Winter is here.

The wood stove is installed and working perfectly. Now that we know the stove will keep us warm, it’s time to gear up for winter.

I kept my hopes in check on the Cubic Mini. I wasn’t sure whether we would get it installed correctly, or if it would produce enough heat, use too much wood etc.

After a couple weeks of use, I couldn’t be more impressed. The amount of heat this thing puts out is amazing. It’s efficient too, we are going through about 2 logs (the size you get with campfire bundles) per day. We will go through more wood as the temps drop, but thus far it’s amazing how little wood we need.

Now that we know the stove is solid, it’s time to finish our winter kit.


  Gomboy 240 Medium Teeth

Tools

Hand Saw

We need a good saw. I’m going to be cutting up lots of hard woods into small chunks. The old, dull wood saw I have currently makes this quite a chore.

Silky Saws are the most versatile and compact handsaws I’ve found. They’re mega sharp, made in Japan and they cut on the pull, so the wood is chunked off as you pull the saw toward you.

After lots of research, I landed on the Gomboy 240 with medium teeth. The Gomboy is a capable size, and it folds up for storage.

I’m going with the medium teeth because I will be processing both soft and hard woods. Smaller teeth take smaller chunks, better for hard woods; and large teeth take big chunks, better for soft wood. The medium sits right in the middle, so I can cut it all.

The straight blade makes most sense for us. Curved blades are designed to cut tree branches overhead and at weird angles. Since I’ll just be cutting up logs on the ground, the straight blade will provide the simplest motion and cleanest cut.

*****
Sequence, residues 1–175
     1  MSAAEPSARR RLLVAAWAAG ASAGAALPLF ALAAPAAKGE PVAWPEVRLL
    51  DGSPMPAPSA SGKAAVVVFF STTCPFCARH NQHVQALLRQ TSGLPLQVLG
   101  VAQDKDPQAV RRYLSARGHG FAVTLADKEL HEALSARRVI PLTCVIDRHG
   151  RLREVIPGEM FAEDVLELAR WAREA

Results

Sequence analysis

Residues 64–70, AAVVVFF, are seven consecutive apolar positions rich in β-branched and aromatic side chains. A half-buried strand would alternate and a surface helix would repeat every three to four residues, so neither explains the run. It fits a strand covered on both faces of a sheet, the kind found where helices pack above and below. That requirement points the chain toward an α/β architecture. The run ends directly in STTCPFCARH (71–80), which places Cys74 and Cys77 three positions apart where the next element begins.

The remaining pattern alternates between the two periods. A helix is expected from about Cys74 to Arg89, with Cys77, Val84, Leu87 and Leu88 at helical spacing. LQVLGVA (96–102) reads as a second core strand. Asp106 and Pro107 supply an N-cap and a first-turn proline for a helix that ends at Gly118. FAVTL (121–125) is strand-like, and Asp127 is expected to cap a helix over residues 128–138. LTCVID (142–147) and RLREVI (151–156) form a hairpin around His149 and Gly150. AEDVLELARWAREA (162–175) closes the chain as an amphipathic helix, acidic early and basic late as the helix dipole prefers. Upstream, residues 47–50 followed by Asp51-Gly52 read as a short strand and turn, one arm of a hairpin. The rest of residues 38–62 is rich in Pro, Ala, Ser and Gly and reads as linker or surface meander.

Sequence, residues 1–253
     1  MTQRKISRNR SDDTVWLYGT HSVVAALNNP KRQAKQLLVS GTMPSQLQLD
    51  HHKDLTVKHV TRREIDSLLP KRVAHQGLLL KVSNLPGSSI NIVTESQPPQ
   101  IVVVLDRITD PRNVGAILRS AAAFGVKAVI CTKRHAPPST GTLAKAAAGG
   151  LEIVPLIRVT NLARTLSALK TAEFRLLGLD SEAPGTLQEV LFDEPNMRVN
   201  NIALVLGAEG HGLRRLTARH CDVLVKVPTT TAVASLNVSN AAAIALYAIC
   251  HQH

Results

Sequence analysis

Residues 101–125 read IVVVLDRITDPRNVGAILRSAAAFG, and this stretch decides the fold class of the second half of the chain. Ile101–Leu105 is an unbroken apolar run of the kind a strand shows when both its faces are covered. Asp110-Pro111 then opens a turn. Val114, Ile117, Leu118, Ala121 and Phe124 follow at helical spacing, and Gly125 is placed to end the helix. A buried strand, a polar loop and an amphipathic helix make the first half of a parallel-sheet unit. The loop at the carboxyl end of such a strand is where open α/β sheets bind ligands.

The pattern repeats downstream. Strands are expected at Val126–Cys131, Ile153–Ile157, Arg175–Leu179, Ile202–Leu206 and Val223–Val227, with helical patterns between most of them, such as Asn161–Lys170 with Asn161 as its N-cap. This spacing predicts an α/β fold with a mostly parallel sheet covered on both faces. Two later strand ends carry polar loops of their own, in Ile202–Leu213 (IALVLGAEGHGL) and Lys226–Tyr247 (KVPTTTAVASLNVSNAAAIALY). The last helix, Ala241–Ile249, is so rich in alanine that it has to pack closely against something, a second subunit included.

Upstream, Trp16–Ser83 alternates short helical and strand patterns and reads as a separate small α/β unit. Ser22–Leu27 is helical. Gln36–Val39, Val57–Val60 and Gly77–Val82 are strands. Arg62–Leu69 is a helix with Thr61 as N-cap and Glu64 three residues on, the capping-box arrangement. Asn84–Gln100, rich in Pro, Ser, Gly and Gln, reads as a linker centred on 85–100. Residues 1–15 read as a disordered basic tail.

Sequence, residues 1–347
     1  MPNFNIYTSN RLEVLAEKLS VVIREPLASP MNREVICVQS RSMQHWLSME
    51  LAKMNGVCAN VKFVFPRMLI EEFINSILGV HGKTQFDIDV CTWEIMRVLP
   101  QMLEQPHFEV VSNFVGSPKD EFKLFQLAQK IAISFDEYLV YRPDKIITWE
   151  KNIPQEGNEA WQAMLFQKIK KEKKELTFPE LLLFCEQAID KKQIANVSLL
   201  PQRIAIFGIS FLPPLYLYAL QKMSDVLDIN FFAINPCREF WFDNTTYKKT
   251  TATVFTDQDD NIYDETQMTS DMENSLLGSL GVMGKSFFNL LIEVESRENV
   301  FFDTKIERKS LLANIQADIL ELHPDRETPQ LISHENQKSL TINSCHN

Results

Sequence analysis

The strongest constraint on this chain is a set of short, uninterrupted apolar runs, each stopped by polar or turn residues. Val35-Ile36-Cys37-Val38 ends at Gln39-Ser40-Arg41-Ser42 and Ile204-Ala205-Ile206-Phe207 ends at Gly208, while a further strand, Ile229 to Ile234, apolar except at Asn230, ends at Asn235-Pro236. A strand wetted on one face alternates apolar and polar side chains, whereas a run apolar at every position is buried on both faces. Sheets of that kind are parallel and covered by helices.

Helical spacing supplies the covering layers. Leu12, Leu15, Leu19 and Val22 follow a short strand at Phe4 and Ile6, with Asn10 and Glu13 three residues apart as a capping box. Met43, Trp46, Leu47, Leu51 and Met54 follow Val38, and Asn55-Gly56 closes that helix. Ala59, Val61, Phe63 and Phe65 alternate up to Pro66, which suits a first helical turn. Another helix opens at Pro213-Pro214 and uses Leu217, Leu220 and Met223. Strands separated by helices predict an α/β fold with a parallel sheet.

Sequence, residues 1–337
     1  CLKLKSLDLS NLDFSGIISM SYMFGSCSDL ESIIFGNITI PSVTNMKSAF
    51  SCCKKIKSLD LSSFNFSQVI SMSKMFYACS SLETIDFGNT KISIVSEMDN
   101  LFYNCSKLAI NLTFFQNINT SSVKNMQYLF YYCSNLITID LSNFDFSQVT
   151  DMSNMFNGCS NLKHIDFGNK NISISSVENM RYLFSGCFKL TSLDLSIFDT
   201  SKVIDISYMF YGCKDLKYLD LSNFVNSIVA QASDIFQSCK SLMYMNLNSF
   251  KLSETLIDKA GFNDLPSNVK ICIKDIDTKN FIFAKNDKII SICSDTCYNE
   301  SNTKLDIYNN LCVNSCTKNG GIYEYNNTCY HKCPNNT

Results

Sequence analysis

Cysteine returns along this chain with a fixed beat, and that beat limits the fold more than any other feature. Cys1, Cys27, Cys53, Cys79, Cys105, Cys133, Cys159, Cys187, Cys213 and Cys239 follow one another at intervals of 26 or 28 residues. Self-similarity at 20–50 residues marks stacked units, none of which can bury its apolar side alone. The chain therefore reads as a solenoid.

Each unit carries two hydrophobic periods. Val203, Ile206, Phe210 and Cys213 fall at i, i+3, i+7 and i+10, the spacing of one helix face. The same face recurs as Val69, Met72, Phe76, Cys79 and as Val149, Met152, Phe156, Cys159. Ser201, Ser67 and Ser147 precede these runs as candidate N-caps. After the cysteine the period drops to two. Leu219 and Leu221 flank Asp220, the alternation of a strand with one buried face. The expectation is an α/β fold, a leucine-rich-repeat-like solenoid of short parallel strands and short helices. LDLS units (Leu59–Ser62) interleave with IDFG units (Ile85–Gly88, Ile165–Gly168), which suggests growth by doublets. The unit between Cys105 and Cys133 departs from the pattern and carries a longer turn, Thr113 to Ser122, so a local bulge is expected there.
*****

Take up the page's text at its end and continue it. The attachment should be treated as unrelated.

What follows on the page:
Eventually an electric chain saw may make more sense, but doing all this by hand will be a good workout.

  Lifeline Utility Shovel

Snow Shovel

We want to be in snowy areas this winter, so a solid shovel is a necessity. Since we’ll be storing these tools all year long in the Scamp, we need them to be compact. I started looking at avalanche shovels, but they’re pricy.

I found this Aluminum Sport Utility Shovel on Amazon. It’s big enough for scooping snow, and small enough to keep in the car in case we get stuck.

  Leatherman Skeletool

Leatherman Skeletool

I find myself needing pliers, screw drivers and knives often. Whenever we need a tool, we have to move the stuff around on the bench, lift it up, then search the compartments for the tool needed. This sucks.

With a multitool, we can always keep it out and ready to go. Like everything else, I researched multitools a lot. The ones that stick out to me are the Wave (saw & micro screw driver), Signal (fire starter, saw, & stake pounder), and the Skeletool.

For now, we’re going to get a Leatherman Skeletool. It comes equipped with a multi-bit screw driver, solid knife, full size pliers and a carabiner. Even if we eventually need a more capable toolset, the Skeletool will always be useful due to its compact, pocketable size.


rumpl.JPG

Down Comforter

This thing is a game changer. It traps all of our body heat and keeps us toasty in freezing weather.

We went with this rather than sleeping bags because it packs up tiny, sleeping bag zippers are annoying, and we don’t want to be sleeping in bags all the time. With the three of us, our cumulative body heat is substantial.

The down comforter we ended up getting is made by Rumple. It’s a light sleeping bag material filled with down to trap heat. We went with the throw size and fits our little bed perfectly.

The pattern we chose is what sold us. The design is by a fellow KC native, Jeremy Collins. Jeremy is a badass, even if you’re not familiar, you’ve most likely seen his art around. He’s one of the most inspiring Kansas Citians we know of and we’ll willingly support his art. This pattern is only available at REI stores.

We had considered electric blankets, and still may go that route eventually. For now the simplicity of a down blanket is preferable, and this solution won’t tank our power overnight.


We’re geared up and stoked to experience winter in the backcountry. If you have any ideas or suggestions for winter survival, please share in the comments. 😬🏔

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